Theories of Humor

Incongruity Theory

This theory basically deals with expectations. When somebody is telling you something (a story of some sort), we often already anticipate what's going to happen and how the story will end. This anticipation is mostly based on our past experiences and our logical thought processes. But when the story takes an unexpected turn, we experience two sets of conflicting thoughts and emotions at the same time. This incongruity between different parts of the joke is humorous. 

Superiority Theory

This theory comes into play when we laugh at someone else's mistakes, stupidity, or misfortunes. We feel superior to this person, coming across a certain detachment from the situation as if it will never happen to us. As a result of feeling both superior and invulnerable, we are able to laugh at that person's foolishness.

Relief Theory (Comic Relief)

After building tension in a story, you can add a moment of "lightness" to calm the mood.  The feeling of relief we get from this moment can cause laughter. In action films or thrillers where tension is high, the director uses comic relief at just the right times. He builds up the tension or suspense as much as possible and then breaks it down slightly with a side comment, allowing the viewer to relieve himself of pent-up emotion, just so the movie can build it up again.

The Changes in Sense of Humor Over Time

Different age groups find different, specific topics humorous. For example, teenagers may find sexual humor easier to relate to.  Changes in your taste in humor is a result of changes in priorities and experiences at different ages.
  • Toddlers: Everything is new, simplest things can seem ridiculous and cause a toddler to laugh. EX: "toilet humor" (poop)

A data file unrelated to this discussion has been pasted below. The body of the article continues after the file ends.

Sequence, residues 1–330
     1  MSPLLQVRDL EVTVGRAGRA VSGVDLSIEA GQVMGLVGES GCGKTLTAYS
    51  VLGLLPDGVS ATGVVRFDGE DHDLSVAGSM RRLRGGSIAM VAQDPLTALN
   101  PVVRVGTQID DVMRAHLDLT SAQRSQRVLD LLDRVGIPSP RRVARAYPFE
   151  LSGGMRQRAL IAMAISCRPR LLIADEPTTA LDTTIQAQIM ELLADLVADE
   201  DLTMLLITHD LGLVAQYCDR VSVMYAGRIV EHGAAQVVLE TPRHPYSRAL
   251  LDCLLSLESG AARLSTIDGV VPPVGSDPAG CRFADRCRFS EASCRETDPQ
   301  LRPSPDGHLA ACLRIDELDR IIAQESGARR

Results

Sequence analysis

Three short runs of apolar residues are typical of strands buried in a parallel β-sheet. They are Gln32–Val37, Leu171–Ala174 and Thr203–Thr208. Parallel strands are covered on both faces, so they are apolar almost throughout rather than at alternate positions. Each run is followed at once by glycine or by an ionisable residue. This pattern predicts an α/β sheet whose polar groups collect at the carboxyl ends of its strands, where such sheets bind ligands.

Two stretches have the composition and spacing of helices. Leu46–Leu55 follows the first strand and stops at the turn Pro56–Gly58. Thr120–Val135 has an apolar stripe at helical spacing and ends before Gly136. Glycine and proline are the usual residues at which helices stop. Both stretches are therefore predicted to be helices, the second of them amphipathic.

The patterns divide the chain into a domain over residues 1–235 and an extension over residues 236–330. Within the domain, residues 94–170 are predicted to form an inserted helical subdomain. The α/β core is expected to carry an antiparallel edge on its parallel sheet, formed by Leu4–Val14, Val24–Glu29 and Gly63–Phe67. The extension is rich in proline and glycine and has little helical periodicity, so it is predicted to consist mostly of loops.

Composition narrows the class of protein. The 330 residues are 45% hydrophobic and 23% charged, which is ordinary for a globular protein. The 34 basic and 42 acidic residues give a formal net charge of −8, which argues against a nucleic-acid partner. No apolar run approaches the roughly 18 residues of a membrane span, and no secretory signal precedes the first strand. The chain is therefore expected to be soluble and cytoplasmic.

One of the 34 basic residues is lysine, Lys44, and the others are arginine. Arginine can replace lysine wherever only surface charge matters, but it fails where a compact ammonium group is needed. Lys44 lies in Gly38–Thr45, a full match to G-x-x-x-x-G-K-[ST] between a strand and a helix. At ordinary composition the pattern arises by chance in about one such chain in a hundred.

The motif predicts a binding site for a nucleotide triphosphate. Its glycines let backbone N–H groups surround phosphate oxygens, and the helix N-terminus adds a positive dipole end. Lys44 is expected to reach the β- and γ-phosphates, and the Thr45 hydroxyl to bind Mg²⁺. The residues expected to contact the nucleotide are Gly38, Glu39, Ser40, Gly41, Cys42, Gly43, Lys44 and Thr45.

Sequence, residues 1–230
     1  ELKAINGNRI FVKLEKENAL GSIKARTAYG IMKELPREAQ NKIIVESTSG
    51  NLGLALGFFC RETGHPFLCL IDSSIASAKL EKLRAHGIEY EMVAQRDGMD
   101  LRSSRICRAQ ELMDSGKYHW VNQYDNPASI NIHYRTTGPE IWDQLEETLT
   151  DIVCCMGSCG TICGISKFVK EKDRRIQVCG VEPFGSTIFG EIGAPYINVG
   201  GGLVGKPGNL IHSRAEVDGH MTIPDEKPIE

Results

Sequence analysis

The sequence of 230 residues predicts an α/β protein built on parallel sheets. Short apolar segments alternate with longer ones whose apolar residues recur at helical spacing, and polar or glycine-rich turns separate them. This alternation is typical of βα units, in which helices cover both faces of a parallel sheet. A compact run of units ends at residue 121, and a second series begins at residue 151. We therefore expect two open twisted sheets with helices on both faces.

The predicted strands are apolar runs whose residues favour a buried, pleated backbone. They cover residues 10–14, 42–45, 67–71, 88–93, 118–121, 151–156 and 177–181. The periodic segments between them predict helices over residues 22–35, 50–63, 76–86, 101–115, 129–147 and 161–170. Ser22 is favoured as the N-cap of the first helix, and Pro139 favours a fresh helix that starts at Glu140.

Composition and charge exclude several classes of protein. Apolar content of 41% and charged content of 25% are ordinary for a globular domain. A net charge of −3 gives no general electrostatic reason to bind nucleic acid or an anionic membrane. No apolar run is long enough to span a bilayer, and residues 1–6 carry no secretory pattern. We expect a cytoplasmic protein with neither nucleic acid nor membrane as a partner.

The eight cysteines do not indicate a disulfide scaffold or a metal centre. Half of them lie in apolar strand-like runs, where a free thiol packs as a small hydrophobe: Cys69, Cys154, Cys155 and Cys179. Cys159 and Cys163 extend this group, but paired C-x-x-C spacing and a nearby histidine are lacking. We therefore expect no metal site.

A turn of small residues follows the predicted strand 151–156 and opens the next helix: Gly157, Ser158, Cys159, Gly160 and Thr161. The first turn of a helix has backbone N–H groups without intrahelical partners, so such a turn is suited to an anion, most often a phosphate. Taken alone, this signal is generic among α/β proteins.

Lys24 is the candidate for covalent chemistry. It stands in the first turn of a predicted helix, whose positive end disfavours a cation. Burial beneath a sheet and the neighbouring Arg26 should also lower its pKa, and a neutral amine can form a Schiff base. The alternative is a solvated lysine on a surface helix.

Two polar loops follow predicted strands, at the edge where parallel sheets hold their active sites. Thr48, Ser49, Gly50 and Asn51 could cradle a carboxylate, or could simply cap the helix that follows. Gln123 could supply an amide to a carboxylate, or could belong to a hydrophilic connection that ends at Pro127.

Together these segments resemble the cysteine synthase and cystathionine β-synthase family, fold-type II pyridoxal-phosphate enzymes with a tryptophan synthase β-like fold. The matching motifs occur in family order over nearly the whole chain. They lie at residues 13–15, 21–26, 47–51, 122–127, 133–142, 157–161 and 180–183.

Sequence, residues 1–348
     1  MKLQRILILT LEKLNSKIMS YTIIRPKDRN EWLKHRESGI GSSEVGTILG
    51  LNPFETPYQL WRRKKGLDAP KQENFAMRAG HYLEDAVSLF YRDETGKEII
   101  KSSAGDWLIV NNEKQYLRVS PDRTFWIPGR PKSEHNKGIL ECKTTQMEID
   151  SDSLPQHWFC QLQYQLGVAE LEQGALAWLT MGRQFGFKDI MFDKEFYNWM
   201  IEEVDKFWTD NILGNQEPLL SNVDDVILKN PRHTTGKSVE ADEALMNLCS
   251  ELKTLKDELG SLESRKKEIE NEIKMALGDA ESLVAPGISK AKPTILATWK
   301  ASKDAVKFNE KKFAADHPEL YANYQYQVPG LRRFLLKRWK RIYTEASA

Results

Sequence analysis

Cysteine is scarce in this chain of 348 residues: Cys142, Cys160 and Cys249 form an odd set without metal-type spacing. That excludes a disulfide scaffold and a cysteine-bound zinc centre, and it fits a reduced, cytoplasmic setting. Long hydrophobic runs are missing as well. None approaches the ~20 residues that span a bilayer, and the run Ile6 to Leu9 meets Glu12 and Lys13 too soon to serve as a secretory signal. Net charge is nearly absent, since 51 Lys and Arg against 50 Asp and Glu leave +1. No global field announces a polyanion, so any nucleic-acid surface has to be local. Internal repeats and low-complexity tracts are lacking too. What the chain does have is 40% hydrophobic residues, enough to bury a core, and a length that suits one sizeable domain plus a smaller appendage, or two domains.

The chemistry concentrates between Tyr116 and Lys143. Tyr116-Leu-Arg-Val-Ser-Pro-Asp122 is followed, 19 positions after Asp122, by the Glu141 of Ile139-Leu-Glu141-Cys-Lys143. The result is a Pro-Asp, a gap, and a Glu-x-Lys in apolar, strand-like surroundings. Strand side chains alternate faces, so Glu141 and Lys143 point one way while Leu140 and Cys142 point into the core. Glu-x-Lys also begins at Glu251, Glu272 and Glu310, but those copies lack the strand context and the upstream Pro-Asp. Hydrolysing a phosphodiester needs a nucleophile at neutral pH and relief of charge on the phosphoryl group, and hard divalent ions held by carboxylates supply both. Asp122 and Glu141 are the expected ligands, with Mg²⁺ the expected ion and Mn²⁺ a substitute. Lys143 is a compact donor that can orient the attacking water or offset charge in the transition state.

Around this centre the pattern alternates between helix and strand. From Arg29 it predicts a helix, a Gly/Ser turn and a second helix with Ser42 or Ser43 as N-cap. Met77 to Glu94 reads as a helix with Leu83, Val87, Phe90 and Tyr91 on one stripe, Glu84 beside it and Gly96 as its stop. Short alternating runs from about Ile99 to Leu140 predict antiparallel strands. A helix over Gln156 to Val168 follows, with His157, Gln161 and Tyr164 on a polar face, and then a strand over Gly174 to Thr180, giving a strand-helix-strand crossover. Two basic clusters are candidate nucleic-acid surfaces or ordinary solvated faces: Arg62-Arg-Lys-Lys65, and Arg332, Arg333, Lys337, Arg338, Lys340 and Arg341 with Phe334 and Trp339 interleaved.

• Adolescents: Greatest concern is ones personal identity/ how he appears in the eyes of his peers.  At this age, you are laughing at others to help you with your own self-esteem, or you are laughing to fit in with the rest, even if you don't actually find it funny
  • Adults: Your sense of humor is supposed to mature.  Adult humor just relies on whether or not you "get the joke" by analyzing the joke's intention correctly OR....
                    - accumulated stress
                    - laughter is taken for granted
                        - stuck in role-play; towards adulthood, we take on the roles expected of us from our parents. When you were younger, you might have heard your parents say to you to "be more serious!"  or "you're grown up, so act like it!"  At work, it's all hard work and no play; day after day, adults become more serious as a result of being consumed in their jobs and workload. This may even occur with teenagers who take on too many advanced classes and become swamped with work; they may begin to lose their sense of humor.

Why Do We Laugh?

People think we laugh when we think something is funny, but most laughter isn't even response to jokes or humor at all. Often people laugh at comments such as, "I'll see you guys later," or "It was nice meeting you," rather than comments relating to jokes.  In humans, laughter originated millions of years before speech.  Laughter was the simplest method of communication before we could talk to each other.  The primary function may not be to express oneself, but instead to rouse positive feelings while others are around.  This was important for small groups of early humans because it eased tension and nurtured a sense of group unity.   

The Science of Laughter

The "ha ha" noise of human laughter originates from the panting sounds/laughter of our primate ancestors.  Some researchers have found laugh-like behavior in other animals, even rats- unlike humans, these animals don't have an actual sense of humor.  Animal "laughter" is caused by tickling, rough-housing, or chasing games- Apes laugh at some of the same things babies do: they will squeal or laugh when you chase them around or tickle them.
We somehow laugh at the right times without consciously knowing we do it.  Laughter is extremely difficult to control consciously- we cannot deliberately activate the brain's mechanisms for affective expression, such as laughter.  If you tell a friend to laugh, it'll take him a while before he can produce a laugh, most likely it's forced/unnatural.  Laughter is an instinctive behavior programmed by our genes, not a learned group reaction.  There is actually little research on why or how we laugh.  People are much more likely to talk or smile to themselves than to laugh when they are alone - proves however happy we may feel, laughter is a signal we send out to others and it pretty much disappears when we lack an audience.  Women tend to laugh more than men, but males are the ones who provoke humor and laughter - the class clown is usually a boy.
 (Women like men who are funny and men like women who laugh at their jokes- survival instinct.)